Category Archives: Literacy education

readilearn: Introducing Pamela S. Wight, author of Birds of Paradise – Readilearn

In the author spotlight this month is Pamela S. Wight, a fellow blogger, writer, and teacher of creative writing. I enjoy the stories of life Pamela shares on her blog Rough Wighting, and also enjoyed reading her adult novels. But it was the story of how this picture book Birds of Paradise came to be, a picture book 35 years in the making, that really captivated me. I knew I wanted to share it with you. Before we start talking about the book, though, let me introduce you to Pamela.

yellow bird Pamela Wight

Pamela Wight has joined the ranks of authors who are, as she calls it humorously “bi-genre” or “ambi-writers.” Think of Ian Fleming, who yes, wrote the James Bond books, but also switched genres and wrote the children’s book Chitty Chitty Bang Bang. Before A.A. Milne wrote the Winnie-the-Pooh books, he penned a popular whodunit entitled The Red House Mystery.

Wight wrote two books of romantic suspense, The Right Wrong Man and Twin Desires, before fulfilling her lifelong dream of publishing her children’s story Birds of Paradise about two special sparrows.

About the story:

Birds of Paradise

Sweet sparrows Bessie and Bert grow up as differently as night and day. Bessie is fearful of the dangers inherent in being a bird. She’s scared to leave her cozy branch. But Bert relishes flying in the sky and

continue reading: readilearn: Introducing Pamela S. Wight, author of Birds of Paradise – Readilearn

STEM in early childhood classrooms – readilearn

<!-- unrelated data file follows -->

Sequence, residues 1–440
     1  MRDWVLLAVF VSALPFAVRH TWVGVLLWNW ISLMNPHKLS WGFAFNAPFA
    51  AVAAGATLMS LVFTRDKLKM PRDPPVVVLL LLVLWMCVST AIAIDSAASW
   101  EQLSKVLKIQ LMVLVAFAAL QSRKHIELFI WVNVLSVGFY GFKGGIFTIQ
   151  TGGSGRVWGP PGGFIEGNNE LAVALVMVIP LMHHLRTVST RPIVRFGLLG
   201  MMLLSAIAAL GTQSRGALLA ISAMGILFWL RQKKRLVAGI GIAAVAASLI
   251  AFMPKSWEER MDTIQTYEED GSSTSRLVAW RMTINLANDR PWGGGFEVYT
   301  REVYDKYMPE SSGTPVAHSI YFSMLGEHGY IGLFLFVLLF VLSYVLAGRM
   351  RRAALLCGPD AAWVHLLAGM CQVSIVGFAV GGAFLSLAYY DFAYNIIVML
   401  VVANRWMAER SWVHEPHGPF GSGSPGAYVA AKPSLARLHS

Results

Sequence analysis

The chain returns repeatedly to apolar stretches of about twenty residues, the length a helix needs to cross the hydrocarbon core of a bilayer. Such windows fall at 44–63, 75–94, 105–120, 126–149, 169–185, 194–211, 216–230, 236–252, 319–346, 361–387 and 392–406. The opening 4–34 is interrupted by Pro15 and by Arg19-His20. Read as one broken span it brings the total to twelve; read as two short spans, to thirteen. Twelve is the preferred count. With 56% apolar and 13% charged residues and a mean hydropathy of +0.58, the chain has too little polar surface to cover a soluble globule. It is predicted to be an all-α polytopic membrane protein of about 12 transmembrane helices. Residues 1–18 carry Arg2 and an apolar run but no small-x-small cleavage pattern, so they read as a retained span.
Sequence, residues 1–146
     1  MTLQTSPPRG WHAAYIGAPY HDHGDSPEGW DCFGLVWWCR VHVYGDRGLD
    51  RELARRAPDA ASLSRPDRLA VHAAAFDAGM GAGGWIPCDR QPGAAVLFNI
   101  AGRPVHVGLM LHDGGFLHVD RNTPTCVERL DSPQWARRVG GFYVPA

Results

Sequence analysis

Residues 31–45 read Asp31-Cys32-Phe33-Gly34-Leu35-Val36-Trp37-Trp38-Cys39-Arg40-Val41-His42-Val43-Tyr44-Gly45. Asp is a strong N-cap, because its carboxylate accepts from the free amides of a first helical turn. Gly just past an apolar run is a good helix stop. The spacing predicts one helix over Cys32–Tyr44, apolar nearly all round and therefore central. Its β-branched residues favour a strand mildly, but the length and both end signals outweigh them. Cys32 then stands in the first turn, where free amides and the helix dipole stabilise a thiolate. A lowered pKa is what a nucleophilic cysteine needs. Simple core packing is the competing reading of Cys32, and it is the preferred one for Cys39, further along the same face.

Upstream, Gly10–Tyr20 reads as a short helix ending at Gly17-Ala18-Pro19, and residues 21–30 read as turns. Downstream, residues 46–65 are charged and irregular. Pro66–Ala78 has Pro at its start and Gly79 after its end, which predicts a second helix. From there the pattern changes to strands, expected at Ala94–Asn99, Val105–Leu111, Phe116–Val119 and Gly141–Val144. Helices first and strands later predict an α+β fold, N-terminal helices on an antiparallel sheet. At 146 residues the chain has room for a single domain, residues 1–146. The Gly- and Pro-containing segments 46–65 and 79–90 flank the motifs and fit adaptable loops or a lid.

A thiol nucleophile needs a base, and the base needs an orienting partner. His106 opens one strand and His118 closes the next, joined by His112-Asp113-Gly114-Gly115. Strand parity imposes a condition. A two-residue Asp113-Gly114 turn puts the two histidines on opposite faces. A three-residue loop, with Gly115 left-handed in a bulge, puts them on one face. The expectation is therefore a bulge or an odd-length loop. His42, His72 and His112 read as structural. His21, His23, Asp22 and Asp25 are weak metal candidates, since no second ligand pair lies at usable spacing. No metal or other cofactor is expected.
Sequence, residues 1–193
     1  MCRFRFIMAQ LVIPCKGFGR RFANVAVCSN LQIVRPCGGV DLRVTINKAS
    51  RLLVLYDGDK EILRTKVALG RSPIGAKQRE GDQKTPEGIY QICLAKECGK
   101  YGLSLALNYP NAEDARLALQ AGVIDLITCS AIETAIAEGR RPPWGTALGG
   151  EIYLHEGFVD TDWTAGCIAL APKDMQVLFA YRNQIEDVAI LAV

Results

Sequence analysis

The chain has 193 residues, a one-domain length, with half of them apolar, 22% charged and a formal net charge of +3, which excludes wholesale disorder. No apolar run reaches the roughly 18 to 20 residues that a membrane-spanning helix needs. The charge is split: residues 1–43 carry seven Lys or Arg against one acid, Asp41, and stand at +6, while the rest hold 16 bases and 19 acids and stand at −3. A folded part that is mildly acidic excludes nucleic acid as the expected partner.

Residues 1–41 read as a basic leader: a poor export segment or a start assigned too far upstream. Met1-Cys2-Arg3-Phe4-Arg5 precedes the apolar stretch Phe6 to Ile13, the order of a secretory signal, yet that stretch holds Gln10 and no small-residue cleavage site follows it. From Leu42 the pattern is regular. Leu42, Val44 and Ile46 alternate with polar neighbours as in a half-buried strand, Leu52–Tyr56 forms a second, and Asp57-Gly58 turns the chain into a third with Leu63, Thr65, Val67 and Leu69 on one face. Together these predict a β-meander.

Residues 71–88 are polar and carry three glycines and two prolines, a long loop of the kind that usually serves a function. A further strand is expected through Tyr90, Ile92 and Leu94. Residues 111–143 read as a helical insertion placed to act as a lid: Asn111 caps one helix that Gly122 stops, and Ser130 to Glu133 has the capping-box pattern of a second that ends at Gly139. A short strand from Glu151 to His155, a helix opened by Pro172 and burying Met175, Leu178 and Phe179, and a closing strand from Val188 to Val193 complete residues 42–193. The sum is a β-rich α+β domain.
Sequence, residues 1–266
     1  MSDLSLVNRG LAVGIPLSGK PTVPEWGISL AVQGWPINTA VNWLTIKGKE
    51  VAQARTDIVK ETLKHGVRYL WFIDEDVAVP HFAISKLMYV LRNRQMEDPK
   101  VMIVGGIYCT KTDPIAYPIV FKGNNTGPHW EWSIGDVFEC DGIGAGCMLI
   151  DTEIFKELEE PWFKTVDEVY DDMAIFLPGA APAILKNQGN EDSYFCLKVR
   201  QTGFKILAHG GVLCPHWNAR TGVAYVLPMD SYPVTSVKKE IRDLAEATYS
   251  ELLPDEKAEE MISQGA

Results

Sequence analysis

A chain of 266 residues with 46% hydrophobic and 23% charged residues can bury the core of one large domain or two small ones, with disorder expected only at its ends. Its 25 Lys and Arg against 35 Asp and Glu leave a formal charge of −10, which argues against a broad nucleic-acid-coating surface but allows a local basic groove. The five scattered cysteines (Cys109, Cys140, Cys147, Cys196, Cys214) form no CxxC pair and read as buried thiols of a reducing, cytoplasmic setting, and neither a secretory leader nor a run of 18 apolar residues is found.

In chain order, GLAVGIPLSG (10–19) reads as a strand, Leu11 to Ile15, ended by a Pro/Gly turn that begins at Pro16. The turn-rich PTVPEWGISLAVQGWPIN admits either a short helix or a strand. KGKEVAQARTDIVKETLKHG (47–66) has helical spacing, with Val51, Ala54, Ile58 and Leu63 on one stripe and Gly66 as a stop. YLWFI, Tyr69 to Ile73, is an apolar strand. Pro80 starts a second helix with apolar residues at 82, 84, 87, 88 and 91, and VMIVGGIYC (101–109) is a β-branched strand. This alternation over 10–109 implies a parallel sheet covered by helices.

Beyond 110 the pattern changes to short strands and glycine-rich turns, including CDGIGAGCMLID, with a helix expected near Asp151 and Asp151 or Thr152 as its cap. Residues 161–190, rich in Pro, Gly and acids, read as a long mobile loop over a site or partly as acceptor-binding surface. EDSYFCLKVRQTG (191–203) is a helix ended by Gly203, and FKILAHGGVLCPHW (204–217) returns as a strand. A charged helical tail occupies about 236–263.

Making space for STEM in early childhood classrooms is easy; or should be.

Children are naturally curious about the world. They want to know:

  • Why is it so?
  • How does it work?
  • What will happen if?
  • How can I?

It is important to harness their curiosity, explore their questions, engage their interests and inspire their imaginations.

Provide them with opportunities to investigate objects and phenomena in the world around them. Don’t always be in a rush to provide answers to their questions. Help them explore ways of finding the answer for themselves, if possible, or conduct the research with them.

A story reported by Michael Rosen in his book Good Ideas: How to Be Your Child’s (and Your Own) Best Teacher inspires me. The story explains that, as a child, David Attenborough took an interest in bones. If he was out walking and found some bones, he would take them home and ask his father about them.

His father, who was a GP and would have known, didn’t just tell him. Wanting his son to be curious and interested in finding things out for himself, he responded, for example: “I wonder if we can work it out . . .” They would then look through books about zoology and anatomy and try to identify the bone’s origin.

However, the answers don’t always have to be found in a book or on the internet. Some answers can be discovered through explorations and experimentation. Experts can also be consulted.

In a stimulating early childhood classroom where children have access to a range of resources and opportunities

Continue reading: STEM in early childhood classrooms – readilearn

I spy butterflies – Readilearn

I spy butterflies

Learning about butterflies in the classroom, especially when observations of the life stages with a live learning kit are possible, is almost magic for children. The growth of the caterpillars is obvious and children can watch as they moult and pass through each instar. The voracious appetite of the caterpillars means that plants are quickly stripped of their leaves and, if children listen carefully, the munching of the mandibles can be heard.